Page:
Healthy nutrition is essential for everyone but in some periods, including pregnancy, people are more susceptible and demand attention for nutrition. According to the United States Food and Drug Administration (FDA), approximately 300 extra calories are needed daily to maintain a healthy pregnancy for women. This study analyzes the effects of health education that is provided to pregnant women who are either seeking an office visit for routine or high-risk pregnancy. This study predicted there is no difference in being referred for any type of health education offered to pregnant women between those who received routine pregnancy care and those with high-risk care. It also predicted there is no difference in whether pregnant women are offered nutrition health education/exercise for receiving routine prenatal care and high-risk care. The Statistical Package for Social Services (SPSS) was applied to analyze the 2010 National Ambulatory Medical Care Survey (NAMCS) data using Chi Square statistics. The results from this study indicated no significant relationship between pregnant women who are either seeking an office visit for routine or high-risk pregnancy, as it relates to health education. These results reassure the importance of health education.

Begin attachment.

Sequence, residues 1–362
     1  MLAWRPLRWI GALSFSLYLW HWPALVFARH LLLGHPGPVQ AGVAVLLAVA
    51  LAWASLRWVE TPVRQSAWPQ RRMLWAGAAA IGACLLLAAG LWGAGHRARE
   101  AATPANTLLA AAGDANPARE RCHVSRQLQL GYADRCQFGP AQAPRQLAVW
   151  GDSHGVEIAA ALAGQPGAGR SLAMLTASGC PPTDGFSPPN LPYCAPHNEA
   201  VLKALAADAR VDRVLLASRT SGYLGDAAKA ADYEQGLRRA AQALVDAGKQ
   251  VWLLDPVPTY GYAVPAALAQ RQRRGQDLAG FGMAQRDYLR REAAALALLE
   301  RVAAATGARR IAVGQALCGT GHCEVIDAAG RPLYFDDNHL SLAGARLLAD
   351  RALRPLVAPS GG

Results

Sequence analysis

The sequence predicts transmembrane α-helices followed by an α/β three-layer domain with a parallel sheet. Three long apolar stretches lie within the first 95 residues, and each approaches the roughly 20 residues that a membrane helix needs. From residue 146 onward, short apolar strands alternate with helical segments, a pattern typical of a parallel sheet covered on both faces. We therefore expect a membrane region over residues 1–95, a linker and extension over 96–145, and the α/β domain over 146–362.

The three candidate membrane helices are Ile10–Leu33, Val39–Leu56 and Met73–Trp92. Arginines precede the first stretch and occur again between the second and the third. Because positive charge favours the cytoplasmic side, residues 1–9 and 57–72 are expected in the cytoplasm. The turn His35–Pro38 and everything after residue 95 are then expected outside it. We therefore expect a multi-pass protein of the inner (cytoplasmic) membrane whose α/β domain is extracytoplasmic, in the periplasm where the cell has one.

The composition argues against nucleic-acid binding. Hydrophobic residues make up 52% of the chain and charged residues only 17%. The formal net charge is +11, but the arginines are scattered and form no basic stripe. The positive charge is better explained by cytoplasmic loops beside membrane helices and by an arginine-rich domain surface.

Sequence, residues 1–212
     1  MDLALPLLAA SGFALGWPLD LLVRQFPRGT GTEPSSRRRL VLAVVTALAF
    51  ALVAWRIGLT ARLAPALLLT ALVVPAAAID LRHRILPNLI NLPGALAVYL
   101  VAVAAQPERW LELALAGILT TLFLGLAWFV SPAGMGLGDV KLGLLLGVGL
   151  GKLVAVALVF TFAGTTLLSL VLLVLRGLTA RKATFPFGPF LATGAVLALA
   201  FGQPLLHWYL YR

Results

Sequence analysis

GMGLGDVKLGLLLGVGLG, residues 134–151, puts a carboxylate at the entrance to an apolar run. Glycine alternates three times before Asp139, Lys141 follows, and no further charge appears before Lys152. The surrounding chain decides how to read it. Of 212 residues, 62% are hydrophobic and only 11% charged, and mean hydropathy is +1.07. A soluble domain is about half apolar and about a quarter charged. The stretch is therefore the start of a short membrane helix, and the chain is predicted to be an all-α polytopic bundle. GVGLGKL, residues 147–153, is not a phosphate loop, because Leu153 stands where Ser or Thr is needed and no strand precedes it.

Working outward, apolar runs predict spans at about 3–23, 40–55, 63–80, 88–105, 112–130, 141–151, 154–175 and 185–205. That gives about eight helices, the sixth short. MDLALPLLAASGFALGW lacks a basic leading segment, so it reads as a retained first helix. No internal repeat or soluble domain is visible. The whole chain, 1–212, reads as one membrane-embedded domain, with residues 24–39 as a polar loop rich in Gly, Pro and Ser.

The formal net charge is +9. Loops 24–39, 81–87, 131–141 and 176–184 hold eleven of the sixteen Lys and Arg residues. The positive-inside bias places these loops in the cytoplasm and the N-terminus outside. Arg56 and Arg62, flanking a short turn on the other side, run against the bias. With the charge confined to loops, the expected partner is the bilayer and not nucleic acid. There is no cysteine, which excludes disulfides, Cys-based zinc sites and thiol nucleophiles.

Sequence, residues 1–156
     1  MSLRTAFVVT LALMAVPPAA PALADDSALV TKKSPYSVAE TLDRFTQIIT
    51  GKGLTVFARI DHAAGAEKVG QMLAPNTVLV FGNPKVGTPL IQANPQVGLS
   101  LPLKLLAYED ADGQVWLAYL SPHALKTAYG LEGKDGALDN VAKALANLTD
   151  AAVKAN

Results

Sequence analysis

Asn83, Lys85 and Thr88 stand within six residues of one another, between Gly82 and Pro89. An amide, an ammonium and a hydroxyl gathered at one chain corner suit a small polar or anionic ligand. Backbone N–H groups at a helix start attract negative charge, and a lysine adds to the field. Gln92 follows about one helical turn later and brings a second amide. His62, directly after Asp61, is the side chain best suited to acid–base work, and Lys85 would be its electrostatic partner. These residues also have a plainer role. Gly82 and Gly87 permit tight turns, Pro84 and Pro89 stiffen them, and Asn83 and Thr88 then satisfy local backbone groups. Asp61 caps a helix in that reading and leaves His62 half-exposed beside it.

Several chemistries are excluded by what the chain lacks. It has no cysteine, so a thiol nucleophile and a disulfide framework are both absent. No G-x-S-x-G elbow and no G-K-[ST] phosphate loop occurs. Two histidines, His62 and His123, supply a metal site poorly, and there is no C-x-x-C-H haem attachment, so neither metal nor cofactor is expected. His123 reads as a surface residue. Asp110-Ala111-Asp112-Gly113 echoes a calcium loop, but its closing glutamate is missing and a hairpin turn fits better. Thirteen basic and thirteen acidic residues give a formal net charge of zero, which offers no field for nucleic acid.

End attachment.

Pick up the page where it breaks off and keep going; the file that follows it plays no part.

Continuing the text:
|Commitee:||Acosta-Deprez, Veronica, Reynolds, Grace|
|School:||California State University, Long Beach|
|Department:||Health Care Administration|
|School Location:||United States -- California|
|Source:||MAI 53/06M(E), Masters Abstracts International|
|Subjects:||Medicine, Nutrition, Health education, Health care management|
|Keywords:||Food and Drug Administration, Pregnancy, Women's health|
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